The importance of a well-made highlight reel for recruiting cannot be emphasized enough. A player doesn’t get a second chance to make a first impression. The highlight reel is a tool for recruiters to make early determinations on whether or not to pursue a prospect, or evaluate him further.
- It’s imperative to grab the attention of the recruiter immediately, so the order of plays is highly important. The beginning of your reel should draw the viewer in with plays that showcase spectacular feats or skill-sets. However, you shouldn’t underestimate the value of plays that display refined technique, toughness, mobility and competitiveness.
Allow for easy ID
- Coaches and recruiters want clarity in identifying which player they should be watching – make each clip meaningful and concise. Whenever possible, properly identify yourself BEFORE the play begins. Pausing after the play has already begun to identify yourself is time-consuming and takes away from the flow of the action.
Stay up to speed
- Always let each of your clips run in real time. There isn’t a single evaluator that wants to see a player in slow motion. In fact, utilizing a pause or slow motion effect can take away from the quality of the move or spectacular play that was made.
Don’t dress it up
- Player highlights are always at their best when they unfold without any enhancements. The use of graphics, visual effects and music should be eliminated so that the evaluator can see plays as they occurred. The reel isn’t meant to entertain the coaches, but to provide them with a valuable tool for evaluating. The fewer distractions your highlight reel has, the better.
Make more from less
- The highlight reel should be approximately 3-4 minutes in length. The first minute should consist of top plays that are not repeated later in the reel. If you play multiple positions, show your best play from each. Start on one side of the ball and move to the other before concluding with special teams – an area that can really add to your recruiting stock.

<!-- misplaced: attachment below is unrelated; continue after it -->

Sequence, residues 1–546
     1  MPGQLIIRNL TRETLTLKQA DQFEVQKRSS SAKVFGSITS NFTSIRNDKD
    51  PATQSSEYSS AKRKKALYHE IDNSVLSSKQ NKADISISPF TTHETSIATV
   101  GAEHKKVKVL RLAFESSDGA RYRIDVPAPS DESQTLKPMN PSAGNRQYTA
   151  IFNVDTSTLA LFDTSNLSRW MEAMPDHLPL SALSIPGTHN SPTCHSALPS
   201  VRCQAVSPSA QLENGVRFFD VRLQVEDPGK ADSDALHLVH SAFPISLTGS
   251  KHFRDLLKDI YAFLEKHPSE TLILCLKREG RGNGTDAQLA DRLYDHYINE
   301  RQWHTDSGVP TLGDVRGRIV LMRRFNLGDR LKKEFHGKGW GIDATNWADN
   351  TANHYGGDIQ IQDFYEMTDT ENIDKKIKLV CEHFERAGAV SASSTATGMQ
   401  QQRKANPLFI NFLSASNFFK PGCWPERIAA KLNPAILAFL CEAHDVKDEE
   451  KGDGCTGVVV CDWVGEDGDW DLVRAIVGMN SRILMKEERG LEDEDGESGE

- Even when showing clips from the same position, it doesn’t hurt to compile plays in a specific order to accentuate a well-rounded skill set. For example, if you’re a safety in the defensive secondary, you may want to organize all run support plays before moving on to coverage plays, as opposed to combining them. If you are a running back, showcase all runs, then pass protection, then pass receiving, etc.
Know optimal angles
- The right video angle can keep the recruiter’s attention on your skill set and enhance the evaluation process. The high sideline or wide for a skill player is best. For an interior player, the end zone angle is optimal. If possible, have your program film a wide angle that shows all 22 players, as it dramatically enhances the evaluation process for wide receivers and the defensive secondary.
Promote a professional product
It’s important that the video be as high quality as possible. Grainy or shaky video makes it difficult for the recruiter to focus on the player and evaluate the quality of their play. Recruiters have thousands of prospects to watch and their time is valuable; be sure to trim extra time off the beginning and end of plays to retain their attention.
Note: High definition highlights can now be ordered as downloads from player and team profile pages. Be sure to upload your team’s film in HD to improve the quality of their highlights and allow the option to download in high-def. (Video uploaded in SD cannot be converted for an HD download.)
Be precise in your bio
- Your reel should include information that is valuable to a recruiter including your size, relevant testing times and academic info. DO NOT provide false information here. It will come back to haunt you. If you are 5-foot-11, state you are 5-foot-11, not 6-foot-1. Every player claims they run a 4.4 or 4.3, but very few actually do, and coaches know it.
Coaches and recruiters only have so much time in the day to evaluate players. Providing them with a clean, clear and concise video to study will only benefit you as an athlete.